Succession Staggered Planting

As a home gardener, your goal is to grow fresh vegetables that you and your family can enjoy from spring until fall. Regardless of whether you’re growing a traditional garden in your backyard or are among those using the space-saving raised bed style of gardening, succession planting will enable you to enjoy a more bountiful, long-term harvest. Succession planting is a simple concept that can be done in two different ways. One method is to stagger the time frame in which you plant the same type of vegetable. The second method is to harvest one crop, then plant a different crop in that same location.

The key to successful succession planting is careful planning. If organization isn’t a strong skill for you, don’t despair, there’s an online spread sheet template you can use to create a personalized plan. If that seems too detailed for you, many online garden sites offer excellent garden design charts that can be adapted to the area you live in and assist you in selecting the most appropriate vegetables for your garden.

To assure that you get the best yield possible from each crop you plant, you’ll need to consider the differences in temperature and weather conditions as the month’s progress. For example, if you’re planting seeds, you need to keep in mind that the amount of days to maturity printed on the back of the pack is typically based on spring plantings. You can anticipate it taking more time for a plant to reach maturity when planted later in the season. This is due in part to the change in temperature. It is also generally recommended that seeds be planted about twice as deep in the summer as in the spring. If you replace one plant with another plant, you will need to be attentive to the amount of water the new plant requires in the warmer temperatures.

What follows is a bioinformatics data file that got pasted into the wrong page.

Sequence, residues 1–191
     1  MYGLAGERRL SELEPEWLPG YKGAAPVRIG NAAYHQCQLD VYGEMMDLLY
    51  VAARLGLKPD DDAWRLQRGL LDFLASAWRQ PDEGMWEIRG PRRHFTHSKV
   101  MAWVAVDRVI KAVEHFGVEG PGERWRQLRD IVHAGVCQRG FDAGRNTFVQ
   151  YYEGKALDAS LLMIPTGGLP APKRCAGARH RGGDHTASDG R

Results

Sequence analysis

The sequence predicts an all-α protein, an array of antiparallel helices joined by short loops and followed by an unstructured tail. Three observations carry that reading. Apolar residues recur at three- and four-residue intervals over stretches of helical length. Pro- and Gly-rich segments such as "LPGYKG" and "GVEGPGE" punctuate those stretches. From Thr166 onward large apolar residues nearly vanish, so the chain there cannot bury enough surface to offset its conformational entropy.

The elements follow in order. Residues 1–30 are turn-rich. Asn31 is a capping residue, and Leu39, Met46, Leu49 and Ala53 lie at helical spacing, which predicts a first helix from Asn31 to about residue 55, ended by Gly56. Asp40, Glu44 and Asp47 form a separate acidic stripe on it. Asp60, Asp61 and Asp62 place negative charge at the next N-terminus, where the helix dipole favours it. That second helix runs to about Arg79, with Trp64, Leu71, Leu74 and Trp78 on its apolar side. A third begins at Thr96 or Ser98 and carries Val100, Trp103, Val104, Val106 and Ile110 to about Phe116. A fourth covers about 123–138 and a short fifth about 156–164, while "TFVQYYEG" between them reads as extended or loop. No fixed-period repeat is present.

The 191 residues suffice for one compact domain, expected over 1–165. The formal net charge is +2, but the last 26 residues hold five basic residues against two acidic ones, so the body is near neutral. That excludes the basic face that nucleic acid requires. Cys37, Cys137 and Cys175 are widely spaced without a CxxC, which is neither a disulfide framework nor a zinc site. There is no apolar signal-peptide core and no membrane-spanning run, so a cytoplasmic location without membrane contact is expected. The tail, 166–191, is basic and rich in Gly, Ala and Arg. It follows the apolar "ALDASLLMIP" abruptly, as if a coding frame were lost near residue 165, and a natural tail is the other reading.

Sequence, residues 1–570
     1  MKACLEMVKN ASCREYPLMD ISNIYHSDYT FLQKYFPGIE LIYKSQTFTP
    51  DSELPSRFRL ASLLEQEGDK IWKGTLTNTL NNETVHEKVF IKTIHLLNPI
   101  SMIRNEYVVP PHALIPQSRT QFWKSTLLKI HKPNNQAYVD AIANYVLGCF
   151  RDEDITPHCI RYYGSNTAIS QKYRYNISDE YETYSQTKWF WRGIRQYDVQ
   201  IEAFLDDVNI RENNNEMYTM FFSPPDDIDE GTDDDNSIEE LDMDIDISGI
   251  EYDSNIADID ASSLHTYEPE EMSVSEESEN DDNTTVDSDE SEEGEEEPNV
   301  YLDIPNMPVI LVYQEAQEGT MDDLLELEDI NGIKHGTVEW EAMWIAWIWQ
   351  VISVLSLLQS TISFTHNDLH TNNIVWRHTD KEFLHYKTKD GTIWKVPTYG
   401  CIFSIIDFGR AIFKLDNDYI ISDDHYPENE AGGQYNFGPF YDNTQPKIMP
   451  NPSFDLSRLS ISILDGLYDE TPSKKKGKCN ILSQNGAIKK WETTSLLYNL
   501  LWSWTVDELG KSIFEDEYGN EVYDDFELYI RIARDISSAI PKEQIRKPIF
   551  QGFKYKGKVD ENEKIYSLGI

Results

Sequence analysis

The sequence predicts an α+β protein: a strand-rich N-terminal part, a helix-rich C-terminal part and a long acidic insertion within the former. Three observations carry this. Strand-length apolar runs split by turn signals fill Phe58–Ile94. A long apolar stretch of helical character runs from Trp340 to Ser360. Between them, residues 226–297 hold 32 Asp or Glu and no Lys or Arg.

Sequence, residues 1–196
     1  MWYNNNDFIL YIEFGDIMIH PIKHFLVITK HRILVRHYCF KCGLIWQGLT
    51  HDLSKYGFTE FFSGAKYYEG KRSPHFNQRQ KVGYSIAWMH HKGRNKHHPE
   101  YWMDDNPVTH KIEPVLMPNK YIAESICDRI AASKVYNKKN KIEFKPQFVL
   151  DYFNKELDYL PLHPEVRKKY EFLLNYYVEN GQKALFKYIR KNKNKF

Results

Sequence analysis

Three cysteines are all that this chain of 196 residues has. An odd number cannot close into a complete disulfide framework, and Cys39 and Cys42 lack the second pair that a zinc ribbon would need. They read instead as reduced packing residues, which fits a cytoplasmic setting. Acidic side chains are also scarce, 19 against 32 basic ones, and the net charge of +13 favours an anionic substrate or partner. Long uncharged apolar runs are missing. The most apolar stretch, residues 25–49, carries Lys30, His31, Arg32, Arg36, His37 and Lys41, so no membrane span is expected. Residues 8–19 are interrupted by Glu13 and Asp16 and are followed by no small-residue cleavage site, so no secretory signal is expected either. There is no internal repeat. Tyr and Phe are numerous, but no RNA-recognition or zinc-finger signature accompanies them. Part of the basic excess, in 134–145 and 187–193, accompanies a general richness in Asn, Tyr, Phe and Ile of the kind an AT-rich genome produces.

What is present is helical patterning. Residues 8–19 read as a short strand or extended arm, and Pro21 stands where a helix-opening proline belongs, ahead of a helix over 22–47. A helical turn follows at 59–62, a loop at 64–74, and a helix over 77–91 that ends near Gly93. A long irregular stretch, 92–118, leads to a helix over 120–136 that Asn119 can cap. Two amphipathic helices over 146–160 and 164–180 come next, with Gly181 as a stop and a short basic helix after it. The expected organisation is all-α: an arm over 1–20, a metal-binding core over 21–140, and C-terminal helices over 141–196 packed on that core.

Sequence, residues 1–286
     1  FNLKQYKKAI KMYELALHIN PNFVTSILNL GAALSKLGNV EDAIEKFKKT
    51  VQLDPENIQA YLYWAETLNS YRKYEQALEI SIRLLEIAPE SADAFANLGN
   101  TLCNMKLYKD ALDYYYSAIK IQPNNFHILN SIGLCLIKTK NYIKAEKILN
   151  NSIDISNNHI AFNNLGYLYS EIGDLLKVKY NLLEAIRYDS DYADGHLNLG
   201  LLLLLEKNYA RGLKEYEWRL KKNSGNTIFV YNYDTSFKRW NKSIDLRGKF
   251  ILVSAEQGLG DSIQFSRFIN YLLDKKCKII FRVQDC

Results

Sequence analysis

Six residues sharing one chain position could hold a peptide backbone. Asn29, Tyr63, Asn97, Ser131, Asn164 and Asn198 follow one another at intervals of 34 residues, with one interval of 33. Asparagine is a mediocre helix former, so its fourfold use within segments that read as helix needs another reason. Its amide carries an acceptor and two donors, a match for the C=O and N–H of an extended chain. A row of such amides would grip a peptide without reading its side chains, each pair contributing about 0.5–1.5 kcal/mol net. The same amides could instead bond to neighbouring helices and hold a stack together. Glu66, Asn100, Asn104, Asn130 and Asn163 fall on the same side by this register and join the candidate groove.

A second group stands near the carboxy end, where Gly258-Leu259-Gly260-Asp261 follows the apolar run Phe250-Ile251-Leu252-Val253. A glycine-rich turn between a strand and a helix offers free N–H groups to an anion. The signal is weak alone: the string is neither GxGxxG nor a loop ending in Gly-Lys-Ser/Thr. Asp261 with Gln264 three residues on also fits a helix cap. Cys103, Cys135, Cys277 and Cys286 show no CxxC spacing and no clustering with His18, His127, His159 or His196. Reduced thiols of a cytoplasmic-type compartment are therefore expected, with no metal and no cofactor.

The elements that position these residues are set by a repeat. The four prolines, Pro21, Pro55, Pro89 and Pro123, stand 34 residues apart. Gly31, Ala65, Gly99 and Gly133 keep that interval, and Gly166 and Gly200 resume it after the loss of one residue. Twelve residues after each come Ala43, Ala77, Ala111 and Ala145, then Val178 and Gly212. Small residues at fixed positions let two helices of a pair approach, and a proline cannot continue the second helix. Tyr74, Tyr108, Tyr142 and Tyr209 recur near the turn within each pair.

You will be more successful with your succession garden if you take some time to observe your garden area carefully. As the seasons progress from spring to fall, the amount of sunlight and shade in your garden area will change. The warm sunshine that was beneficial to your plants in the spring may become a hazard for your plants in the summer. In order for your plants to survive and thrive in a succession garden, you may need to create some shade. You can do this by adding a trellis and some climbing plants throughout your garden. If you are growing your garden on a deck or patio, you might need to use shade cloths to keep the hot summer sun from destroying your plants.

Succession planting is a gardening method that complements today’s busy lifestyle. Hectic schedules typically don’t allow for hours to be spent in the kitchen preserving vegetables that have arrived in abundance. Staggered planting means your vegetables will be ready for harvest at manageable intervals. You can enjoy garden fresh vegetables for an extended period of time.

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